When I was recording bands a bunch, I typically used a Shure VP-88 stereo M/S microphone into an Apogee Mini-Me pre-amp and A/D converter. From there, I recorded onto a DAT recorder. The Shure mic was a great sounding stereo microphone. I also owned Neumann mics, but tended to use these very selectively. The Shure was my go-to mic for a simple stereo recording. (Kind of ironic considering the Neumann's were triple the cost.) Anyway, I would probably stay away from omni-directional mics. They're going to pick up everything in the room, including what's behind you. So some sort of stereo mic or a pair of mono mics in an X-Y pattern would be good for recording the room. I would probably stay away from shotgun mics unless you're going to use them in the traditional sense of an interview. But with that said, I have used shotgun mics for band recording, but they were in larger venues and aimed at the speakers from a couple hundred feet away.

Regarding Final Cut Pro and Premier Pro, they are very similar programs. Each has their pros and cons, but they both have about the same learning curve. What I feel is the advantage to Premier Pro is that the application ties in with other Adobe applications, which will allow you to do many other things. Also, I don't recommend using FCX. Apple seriously screwed the pooch with this application. It's more like an upgrade to iMovie instead of a new version of Final Cut Pro. But then again, it may suit your needs just fine.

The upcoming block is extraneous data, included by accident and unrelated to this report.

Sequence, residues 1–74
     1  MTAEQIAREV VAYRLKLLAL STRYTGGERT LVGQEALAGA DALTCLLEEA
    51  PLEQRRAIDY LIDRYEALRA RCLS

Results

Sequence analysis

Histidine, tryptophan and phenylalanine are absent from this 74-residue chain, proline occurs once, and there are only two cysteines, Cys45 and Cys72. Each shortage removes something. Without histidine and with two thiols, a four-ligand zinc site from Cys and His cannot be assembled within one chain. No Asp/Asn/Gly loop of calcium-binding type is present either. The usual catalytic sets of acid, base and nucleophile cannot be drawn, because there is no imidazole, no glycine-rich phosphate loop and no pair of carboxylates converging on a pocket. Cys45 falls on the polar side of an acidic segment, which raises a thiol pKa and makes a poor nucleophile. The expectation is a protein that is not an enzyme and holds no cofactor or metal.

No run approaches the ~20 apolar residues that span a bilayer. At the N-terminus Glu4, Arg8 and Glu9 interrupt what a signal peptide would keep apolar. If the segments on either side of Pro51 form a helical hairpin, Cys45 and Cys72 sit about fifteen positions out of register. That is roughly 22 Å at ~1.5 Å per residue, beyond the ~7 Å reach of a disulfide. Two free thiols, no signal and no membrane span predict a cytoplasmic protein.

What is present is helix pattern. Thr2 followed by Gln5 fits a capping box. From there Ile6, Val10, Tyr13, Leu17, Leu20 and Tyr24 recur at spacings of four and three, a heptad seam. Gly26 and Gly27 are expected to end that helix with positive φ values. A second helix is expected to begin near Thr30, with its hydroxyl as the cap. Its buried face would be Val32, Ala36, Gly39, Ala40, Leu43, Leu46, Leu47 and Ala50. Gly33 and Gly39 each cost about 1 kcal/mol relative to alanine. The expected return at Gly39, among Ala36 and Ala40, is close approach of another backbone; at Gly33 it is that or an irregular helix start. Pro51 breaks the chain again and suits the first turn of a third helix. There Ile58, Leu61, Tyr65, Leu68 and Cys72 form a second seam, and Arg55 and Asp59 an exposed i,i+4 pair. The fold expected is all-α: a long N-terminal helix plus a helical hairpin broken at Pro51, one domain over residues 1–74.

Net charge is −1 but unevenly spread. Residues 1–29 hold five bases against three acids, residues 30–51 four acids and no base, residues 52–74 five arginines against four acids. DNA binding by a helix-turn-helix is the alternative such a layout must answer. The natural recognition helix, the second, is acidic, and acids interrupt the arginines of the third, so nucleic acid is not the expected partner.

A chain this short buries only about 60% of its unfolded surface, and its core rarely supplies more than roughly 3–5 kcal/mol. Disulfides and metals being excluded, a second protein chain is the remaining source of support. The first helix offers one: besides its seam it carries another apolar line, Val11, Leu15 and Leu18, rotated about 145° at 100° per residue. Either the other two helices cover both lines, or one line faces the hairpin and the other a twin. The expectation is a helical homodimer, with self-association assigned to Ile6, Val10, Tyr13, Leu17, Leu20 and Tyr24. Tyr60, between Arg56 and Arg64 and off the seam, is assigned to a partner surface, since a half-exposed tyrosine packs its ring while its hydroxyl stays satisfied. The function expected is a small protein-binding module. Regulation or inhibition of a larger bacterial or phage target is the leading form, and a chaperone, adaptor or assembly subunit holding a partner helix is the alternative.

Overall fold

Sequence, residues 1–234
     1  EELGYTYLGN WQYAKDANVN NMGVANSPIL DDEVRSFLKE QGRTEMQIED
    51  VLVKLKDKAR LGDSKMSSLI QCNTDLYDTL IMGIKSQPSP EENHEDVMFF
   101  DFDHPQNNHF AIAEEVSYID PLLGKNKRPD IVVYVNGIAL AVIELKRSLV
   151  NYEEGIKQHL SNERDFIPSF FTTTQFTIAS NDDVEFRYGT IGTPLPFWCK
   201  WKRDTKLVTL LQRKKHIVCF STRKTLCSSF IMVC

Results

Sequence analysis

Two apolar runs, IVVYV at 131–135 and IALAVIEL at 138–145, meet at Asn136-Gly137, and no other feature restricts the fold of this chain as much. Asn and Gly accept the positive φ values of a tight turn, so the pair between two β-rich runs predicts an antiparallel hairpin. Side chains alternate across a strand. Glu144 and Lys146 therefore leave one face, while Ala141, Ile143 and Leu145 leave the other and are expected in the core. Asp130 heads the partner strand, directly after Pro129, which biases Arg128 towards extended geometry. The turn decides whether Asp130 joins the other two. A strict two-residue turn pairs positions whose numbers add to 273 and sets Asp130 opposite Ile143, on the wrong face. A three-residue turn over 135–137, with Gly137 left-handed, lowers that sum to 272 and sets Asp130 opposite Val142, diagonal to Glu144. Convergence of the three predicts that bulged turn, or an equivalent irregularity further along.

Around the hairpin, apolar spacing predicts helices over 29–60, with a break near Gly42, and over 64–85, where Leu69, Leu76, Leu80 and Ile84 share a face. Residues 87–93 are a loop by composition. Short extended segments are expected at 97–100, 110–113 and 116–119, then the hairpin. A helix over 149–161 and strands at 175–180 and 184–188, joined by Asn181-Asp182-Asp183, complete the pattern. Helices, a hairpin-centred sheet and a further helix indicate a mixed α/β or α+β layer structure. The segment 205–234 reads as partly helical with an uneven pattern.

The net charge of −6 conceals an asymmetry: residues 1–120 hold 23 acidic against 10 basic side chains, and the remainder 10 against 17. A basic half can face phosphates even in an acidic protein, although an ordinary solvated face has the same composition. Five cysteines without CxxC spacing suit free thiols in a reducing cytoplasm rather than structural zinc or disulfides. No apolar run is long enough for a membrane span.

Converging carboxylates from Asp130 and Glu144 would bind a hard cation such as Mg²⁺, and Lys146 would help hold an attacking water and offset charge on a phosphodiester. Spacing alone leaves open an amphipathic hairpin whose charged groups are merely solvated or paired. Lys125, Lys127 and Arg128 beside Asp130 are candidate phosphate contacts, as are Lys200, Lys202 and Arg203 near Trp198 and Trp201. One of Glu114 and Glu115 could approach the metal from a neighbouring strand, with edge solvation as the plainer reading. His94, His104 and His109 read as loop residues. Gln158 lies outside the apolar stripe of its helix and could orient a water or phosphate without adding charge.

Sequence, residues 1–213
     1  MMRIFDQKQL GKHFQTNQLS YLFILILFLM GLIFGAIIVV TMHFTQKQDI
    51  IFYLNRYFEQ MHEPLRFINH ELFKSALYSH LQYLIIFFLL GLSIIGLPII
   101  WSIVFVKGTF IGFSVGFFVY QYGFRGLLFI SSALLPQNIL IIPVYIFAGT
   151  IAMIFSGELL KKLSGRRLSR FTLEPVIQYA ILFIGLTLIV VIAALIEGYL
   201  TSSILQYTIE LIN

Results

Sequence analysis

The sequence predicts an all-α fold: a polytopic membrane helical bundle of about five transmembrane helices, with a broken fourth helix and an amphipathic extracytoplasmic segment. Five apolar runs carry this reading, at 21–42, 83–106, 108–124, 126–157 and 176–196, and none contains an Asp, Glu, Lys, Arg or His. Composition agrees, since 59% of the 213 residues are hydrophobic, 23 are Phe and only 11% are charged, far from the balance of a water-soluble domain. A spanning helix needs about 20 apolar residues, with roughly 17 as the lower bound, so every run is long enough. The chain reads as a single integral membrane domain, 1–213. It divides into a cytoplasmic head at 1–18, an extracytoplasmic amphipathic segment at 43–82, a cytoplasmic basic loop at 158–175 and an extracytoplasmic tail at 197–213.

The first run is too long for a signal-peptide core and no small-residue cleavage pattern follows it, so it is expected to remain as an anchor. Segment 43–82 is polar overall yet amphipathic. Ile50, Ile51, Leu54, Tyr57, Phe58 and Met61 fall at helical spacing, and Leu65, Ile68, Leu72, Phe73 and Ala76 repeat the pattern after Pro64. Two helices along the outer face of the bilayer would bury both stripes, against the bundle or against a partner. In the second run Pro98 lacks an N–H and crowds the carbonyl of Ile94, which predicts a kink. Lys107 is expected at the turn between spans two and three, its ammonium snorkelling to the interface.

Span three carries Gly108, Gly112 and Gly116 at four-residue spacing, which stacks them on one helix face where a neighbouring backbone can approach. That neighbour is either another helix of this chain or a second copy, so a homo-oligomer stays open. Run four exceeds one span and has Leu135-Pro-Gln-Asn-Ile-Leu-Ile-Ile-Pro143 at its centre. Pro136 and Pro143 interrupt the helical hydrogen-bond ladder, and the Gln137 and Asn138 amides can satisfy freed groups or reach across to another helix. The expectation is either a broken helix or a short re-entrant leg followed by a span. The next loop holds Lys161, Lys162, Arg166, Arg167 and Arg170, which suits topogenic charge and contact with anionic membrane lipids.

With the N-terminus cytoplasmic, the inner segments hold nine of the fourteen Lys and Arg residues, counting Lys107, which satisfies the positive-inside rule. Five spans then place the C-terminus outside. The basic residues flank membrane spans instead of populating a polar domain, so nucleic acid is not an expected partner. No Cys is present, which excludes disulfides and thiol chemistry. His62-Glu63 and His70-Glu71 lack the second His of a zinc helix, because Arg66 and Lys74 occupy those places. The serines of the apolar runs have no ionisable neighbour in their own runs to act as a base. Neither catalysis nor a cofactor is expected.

As for syncing the audio, there is a plug-in called PluralEyes that can be used with either FCP or Premier, although I've never used it. http://www.singularsoftware.com/pluraleyes.html

Also, check out this link to get a bit of info on recording and syncing the audio for the 5Dii. There may be some useful info for you. http://www.sounddevices.com/notes/cameras/5dii-audio-performance/

And one last comment regarding 300m audio cables. In all the years that I recorded bands, I never needed audio cables at 300m (984 feet?). In fact, I owned a 100ft 24-channel snake, and I rarely needed its full length. With that said, if you're planning on recording the band somewhere near the middle of the room near the mixing console, your cables really only need to go from the mic to the recorder. (20 feet?)

Good luck and have fun!